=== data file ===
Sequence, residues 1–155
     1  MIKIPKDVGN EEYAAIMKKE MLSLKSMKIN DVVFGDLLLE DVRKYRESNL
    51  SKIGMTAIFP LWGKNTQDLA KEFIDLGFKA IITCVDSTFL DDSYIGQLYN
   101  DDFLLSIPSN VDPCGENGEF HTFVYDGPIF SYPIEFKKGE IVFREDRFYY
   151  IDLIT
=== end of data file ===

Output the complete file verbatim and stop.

Sequence, residues 1–155
     1  MIKIPKDVGN EEYAAIMKKE MLSLKSMKIN DVVFGDLLLE DVRKYRESNL
    51  SKIGMTAIFP LWGKNTQDLA KEFIDLGFKA IITCVDSTFL DDSYIGQLYN
   101  DDFLLSIPSN VDPCGENGEF HTFVYDGPIF SYPIEFKKGE IVFREDRFYY
   151  IDLIT